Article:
Yale law professor Arthur Leff found himself caught on the horns of a dilemma when he used the existence or nonexistence of legal standards to present the issue of the "old absolutes" versus the "new relativism." The same issue is presented with the statement that something is either true or not true or right or wrong. To make his point, Leff invoked "the grand sez who" that is identified with both the playgound and the barroom, depending upon the age of the combatants: no matter what one person says, the other person's retort is -- "Sez who?"
This blog sets the stage for the relativism vs. absolutism debate by using the intellectual equivalent of "the grand sez who." The basic problem is presented when anyone suggests that something is either right or wrong. In reply, the other person says, "What gives you the right to tell me what is right and what is wrong?" Indeed, the issue is the same whether the situation involves a barroom brawl or an academic discussion.
In his Duke Law Review article, Leff reviewed the history of ideas and then adopted both sides of the dilemma. But the 21st century requires that we find a better solution to this age old problem. Leff concluded his article with the new and the old value systems in sharp contrast. He said, "Neither reason, nor love, nor even terror, seems to have worked to make us 'good,' and worse than that, there is no reason why anything should. Only if ethics were something unspeakable by us, could law be unnatural, and therefore unchallengeable. As things now stand, everything is up for grabs.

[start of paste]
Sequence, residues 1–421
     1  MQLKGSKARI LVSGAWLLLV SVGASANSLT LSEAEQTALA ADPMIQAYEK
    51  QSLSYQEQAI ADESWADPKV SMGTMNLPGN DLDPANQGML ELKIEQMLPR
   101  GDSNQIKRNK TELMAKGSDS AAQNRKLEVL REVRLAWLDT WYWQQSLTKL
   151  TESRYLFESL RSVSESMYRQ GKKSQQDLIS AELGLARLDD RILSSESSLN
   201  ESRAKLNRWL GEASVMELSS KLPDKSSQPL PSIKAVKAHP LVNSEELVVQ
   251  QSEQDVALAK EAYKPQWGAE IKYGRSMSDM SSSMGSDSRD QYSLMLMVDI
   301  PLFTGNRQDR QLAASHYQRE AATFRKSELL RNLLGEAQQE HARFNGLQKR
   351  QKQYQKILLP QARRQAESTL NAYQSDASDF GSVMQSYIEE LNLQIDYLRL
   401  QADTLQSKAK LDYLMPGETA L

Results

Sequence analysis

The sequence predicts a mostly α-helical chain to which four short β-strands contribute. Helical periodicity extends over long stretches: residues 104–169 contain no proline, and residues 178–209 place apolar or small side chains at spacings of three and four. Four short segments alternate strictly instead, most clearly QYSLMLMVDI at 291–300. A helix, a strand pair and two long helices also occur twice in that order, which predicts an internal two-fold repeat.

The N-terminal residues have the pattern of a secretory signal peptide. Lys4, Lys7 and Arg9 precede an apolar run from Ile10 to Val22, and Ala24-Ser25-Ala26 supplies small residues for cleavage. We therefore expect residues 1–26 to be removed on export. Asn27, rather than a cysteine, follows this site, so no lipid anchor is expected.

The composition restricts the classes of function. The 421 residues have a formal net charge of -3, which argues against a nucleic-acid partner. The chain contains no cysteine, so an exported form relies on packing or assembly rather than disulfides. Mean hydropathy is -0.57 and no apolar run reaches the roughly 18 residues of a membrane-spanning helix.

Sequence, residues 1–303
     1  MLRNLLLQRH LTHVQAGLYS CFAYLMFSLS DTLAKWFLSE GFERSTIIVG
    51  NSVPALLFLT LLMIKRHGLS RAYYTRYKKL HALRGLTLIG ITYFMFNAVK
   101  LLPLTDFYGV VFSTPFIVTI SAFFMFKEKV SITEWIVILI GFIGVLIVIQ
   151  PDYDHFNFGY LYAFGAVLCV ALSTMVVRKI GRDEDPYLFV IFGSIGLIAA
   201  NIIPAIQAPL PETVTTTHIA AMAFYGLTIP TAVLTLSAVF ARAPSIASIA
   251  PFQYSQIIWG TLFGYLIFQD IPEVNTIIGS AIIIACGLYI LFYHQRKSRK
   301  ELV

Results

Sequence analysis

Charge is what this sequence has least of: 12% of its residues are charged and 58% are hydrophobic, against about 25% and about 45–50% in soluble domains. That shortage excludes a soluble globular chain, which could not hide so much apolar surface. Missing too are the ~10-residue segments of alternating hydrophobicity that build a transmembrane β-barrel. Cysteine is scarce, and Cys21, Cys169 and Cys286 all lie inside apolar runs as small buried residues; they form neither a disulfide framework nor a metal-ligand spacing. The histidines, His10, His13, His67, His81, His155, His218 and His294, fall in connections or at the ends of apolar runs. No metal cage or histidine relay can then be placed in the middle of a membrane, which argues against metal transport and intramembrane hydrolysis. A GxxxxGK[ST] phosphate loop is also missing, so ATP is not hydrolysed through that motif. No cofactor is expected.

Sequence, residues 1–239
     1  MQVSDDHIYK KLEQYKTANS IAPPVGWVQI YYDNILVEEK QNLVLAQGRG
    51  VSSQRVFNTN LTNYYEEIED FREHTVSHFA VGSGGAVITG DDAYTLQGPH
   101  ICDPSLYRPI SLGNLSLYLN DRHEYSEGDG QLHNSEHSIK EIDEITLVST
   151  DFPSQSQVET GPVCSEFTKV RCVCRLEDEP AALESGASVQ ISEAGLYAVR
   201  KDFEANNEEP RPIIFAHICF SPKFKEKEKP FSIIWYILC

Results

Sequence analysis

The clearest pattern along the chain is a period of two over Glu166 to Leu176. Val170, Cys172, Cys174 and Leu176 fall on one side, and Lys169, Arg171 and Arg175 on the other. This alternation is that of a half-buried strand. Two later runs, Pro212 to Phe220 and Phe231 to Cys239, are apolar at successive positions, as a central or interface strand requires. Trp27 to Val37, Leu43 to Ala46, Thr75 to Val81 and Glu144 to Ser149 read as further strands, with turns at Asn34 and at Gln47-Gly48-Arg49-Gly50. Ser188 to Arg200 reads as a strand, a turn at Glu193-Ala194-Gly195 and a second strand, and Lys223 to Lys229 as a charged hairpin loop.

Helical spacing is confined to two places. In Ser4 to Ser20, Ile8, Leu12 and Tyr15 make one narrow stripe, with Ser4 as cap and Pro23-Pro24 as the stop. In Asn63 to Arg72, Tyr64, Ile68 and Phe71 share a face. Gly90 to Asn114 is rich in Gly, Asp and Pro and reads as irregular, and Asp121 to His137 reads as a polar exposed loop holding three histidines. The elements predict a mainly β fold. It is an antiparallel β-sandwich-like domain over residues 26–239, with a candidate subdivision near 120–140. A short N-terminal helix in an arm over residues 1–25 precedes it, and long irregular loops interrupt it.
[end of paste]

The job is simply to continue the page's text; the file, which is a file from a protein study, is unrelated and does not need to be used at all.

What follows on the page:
Napalming babies is bad.
Starving the poor is wicked.
Buying and selling each other is depraved...
There is in the world such a thing as evil.
[All together now:] Sez who?
God help us."
We have to develop a global consensus that replaces the "sez who" dilemma of right and wrong -- of what is true and what is not true. Unfortunately, we have to deal simultaniously with the issue on two separate fronts: On one hand there is the ongoing conflict within Western civilization, especially the traditional/early modern vs. the late modern/postmodern. What is to be the enduring legacy of the West? On the other hand, the West is engaged in external conflicts with its global neighbors, especially the world of Islam. Can the West survive, or will it go the way of all the other great civilizations that had their day in the sun and then passed from the scene?
Where do we go from here? We cannot go back to the "good old days," and there is no middle ground to be found, any more than there is a middle ground between the positive and negative poles in a storage battery. We must find a way to go forward by developing a new consensus, that is, a general theory of value that will appeal to all people, at all times and in all places. I invite anyone and everyone to join the conversation.